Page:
There is a fair amount of nostalgia hanging on the rails of almost every retail store these days. This can be attributed to the fact that designers are constantly re-imagining old trends, which means we don’t have to go thrift shopping to find mom jeans anymore.
Some would argue that fashion has become lazy and designers have brought us nothing new over the past decade or so, but sartorial blasts from the past are a necessary part of the trend cycle.
Every year/season the bigwigs of the fashion industry put together a fashion forecast – that is what will be the popular trends for the season to come (from the colour to the fabric), including what will be on the runway at fashion weeks.
Fashion forecasting is an all-inclusive process, as it takes into consideration everything about the current fashion climate, from haute couture, ready-to-wear, mass market and streetwear.
The irony here though, is that new trends are often sampled from past iconic eras – much like a Kanye album. In order to predict accurately, you need to know what trended successfully before.
You can’t simply take any fad from the past, as a lot of popular items peaked, plateaued and plummeted tragically in a very short space of time.
This is therefore why a certain window period has to be allowed before a particular decade of style can be returned to our rails and runways.
Fashion designers and creative directors have to wait for at least 20 years before reintroducing trends to consumers. This includes hairstyles and accessories too.
We are in the 20-teens, which means the '90s have made a comfortable return just like how figure belts, Vans, huge earrings and mirrored sunglasses reminiscent of the '80s were a major trend alert in the late 2000s.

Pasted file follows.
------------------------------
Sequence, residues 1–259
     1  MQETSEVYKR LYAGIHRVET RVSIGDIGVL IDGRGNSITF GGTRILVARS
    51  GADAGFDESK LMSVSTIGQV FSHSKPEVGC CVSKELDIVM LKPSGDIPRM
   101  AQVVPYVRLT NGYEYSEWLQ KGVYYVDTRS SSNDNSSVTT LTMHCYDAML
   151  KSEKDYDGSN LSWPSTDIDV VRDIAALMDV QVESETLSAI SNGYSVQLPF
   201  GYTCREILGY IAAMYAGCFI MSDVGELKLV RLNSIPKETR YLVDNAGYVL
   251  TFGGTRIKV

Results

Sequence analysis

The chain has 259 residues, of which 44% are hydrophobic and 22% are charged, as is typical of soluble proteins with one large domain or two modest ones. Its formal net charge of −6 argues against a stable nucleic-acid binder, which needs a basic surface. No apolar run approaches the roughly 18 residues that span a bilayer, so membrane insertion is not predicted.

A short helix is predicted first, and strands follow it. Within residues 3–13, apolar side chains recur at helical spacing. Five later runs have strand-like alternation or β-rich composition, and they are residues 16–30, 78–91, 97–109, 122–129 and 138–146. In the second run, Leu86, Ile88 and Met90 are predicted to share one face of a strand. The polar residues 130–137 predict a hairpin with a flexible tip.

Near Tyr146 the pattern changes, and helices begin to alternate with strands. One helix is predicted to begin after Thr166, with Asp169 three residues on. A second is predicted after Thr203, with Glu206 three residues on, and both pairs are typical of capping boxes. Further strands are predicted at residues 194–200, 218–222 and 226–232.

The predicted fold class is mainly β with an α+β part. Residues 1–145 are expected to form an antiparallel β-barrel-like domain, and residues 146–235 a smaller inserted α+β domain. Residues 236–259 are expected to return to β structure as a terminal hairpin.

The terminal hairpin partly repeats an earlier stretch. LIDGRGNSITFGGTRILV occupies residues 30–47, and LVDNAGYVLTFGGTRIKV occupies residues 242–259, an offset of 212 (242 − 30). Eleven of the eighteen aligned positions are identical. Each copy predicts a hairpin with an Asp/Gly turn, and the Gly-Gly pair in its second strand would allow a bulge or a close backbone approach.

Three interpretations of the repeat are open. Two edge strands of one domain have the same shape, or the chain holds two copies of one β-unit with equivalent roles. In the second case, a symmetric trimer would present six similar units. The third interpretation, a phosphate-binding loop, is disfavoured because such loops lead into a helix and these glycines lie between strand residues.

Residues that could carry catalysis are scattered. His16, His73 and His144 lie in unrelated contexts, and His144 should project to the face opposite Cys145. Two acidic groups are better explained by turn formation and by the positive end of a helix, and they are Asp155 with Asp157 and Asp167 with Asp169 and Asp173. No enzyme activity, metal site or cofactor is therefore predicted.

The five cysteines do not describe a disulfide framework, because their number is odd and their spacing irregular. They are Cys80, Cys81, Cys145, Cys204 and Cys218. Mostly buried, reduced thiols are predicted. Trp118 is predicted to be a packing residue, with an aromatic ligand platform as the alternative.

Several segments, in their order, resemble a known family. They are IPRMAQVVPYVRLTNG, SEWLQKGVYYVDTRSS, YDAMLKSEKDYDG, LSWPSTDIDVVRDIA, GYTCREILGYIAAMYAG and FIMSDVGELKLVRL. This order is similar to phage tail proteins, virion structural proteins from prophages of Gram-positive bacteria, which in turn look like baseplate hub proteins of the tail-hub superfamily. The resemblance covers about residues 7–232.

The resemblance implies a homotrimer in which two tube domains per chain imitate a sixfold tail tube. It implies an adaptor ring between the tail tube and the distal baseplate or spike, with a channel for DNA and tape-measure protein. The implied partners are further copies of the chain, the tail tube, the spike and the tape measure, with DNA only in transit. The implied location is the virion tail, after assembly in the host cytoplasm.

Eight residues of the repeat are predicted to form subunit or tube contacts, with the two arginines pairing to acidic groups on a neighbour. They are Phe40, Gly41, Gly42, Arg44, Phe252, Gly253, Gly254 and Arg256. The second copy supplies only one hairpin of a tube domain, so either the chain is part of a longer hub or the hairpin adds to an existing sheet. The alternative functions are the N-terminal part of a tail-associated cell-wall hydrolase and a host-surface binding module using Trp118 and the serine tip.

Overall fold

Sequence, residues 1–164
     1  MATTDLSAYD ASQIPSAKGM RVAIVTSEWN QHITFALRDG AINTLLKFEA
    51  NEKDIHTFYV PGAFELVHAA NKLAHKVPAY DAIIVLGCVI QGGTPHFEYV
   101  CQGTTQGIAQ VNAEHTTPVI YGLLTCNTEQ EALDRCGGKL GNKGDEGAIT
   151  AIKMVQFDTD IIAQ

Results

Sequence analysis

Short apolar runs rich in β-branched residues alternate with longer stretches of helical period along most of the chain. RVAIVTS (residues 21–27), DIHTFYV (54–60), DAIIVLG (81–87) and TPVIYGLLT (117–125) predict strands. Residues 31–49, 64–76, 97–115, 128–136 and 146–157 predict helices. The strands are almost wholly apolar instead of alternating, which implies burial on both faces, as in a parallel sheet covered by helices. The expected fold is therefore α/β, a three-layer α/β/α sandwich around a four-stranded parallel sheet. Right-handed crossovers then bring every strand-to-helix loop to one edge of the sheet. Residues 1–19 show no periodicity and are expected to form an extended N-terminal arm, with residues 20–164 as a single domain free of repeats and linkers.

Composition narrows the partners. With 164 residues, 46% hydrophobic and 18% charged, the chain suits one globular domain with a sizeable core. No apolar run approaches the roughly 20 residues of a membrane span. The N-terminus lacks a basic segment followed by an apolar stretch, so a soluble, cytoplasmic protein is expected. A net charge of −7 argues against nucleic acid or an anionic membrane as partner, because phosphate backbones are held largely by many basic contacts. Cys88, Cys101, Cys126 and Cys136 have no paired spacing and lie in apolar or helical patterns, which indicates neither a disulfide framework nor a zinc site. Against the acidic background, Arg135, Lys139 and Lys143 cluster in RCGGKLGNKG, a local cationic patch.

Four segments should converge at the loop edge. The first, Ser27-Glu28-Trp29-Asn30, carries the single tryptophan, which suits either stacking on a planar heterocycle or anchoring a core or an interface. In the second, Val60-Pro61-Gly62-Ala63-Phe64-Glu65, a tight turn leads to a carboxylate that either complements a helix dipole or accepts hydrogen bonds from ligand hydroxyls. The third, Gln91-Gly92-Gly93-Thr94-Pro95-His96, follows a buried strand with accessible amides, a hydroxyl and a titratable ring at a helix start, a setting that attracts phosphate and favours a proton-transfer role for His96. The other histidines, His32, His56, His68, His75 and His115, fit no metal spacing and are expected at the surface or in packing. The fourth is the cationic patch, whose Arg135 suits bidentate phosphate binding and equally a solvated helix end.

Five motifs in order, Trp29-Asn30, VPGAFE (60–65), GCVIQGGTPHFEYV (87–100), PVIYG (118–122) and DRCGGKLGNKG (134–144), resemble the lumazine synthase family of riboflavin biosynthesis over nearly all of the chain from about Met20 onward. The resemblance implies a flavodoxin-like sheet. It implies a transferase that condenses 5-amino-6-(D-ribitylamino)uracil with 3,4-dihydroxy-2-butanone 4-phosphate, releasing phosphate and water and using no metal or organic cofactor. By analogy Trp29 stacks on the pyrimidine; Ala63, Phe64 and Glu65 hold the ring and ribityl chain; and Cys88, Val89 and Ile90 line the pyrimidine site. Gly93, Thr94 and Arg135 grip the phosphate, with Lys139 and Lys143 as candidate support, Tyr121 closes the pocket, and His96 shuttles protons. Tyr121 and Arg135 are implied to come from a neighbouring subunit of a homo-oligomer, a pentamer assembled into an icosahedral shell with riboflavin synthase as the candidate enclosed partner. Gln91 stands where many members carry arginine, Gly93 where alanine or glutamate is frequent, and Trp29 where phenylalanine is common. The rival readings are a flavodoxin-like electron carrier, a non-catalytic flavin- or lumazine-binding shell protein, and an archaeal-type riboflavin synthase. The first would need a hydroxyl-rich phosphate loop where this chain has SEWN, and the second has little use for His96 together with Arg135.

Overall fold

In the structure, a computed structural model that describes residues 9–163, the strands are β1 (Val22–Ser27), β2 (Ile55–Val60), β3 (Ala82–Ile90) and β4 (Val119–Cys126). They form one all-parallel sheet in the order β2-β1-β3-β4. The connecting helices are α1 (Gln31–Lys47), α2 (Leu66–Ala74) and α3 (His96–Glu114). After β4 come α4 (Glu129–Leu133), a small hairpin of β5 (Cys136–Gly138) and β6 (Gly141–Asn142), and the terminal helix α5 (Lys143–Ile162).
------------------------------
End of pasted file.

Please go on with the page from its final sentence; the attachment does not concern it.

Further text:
Anything from the '90s onward is now called retro. In 1992 American Vogue introduced grunge (or “angry fashion”) to us. This was a rebellious way of dressing in comparison to conventional womenswear in the decades leading up to the '90s.
Women started getting a lot of their style influences from sport, music and pop culture like what Beyoncé did with her activewear brand, Ivy Park.
Hip-Hop also played a major role in the clothing worn in this era, as it became a lifestyle rather than just rap music, which is something we can clearly see now with the sneaker culture that has Puma and Reebok back on everyone’s wishlist.
The return of the '90s has enabled us to relive our '90s childhoods vicariously through fashion. We can’t give all the credit to the Fresh Prince era though, because a comeback from any decade creates scope for us to experience culture through dress we would not have had the chance to enjoy otherwise.
Look at the shoulder pads from the '80s, for example; a time when it became acceptable for women to be wealthy and show it. These were power symbols and this is why certain trends such as this one return – to harken back to iconic moments in history.
Have designers stopped innovating?
As great as the throwback phenomenon is, we can’t help but wonder if creative directors are experiencing a little fashion fatigue, much like writer’s block. I mention this because the recycling of certain styles just seems somewhat premature.
It was just 2003 when the 47-year-old Adidas Superstars were all the rage commercially and they are already back faster than we can say “NMD” without even a difference in stitching.
Perhaps you can’t tamper with a classic, but even classics need to make a little way for the new kids on the block to establish a comfortable sense of longevity.
Also, I suppose it is not entirely possible to invent a never seen before practical item of clothing unless you are an avant garde fashion designer, who isn’t conceptualising themes for everyday wear.
The only method is to draw inspiration from those who came before you, tweak it, glow it up, and boom...lucrative nostalgia.
A new era
So now do we wait for the 2000s to slowly creep up on us in bootleg jeans and a fedora hat?
Mannequins in our favourite stores show slip dresses/spaghetti tops over white tees a la Cher Horowitz in Clueless, but I’d like to think and hope the trends from the early 2000s will not be phased in, in the exact cringeworthy style they came in.
We could look at what we’re wearing today as a playlist of remixes of all the greatest hits, but we all know some original tunes should just never be remixed.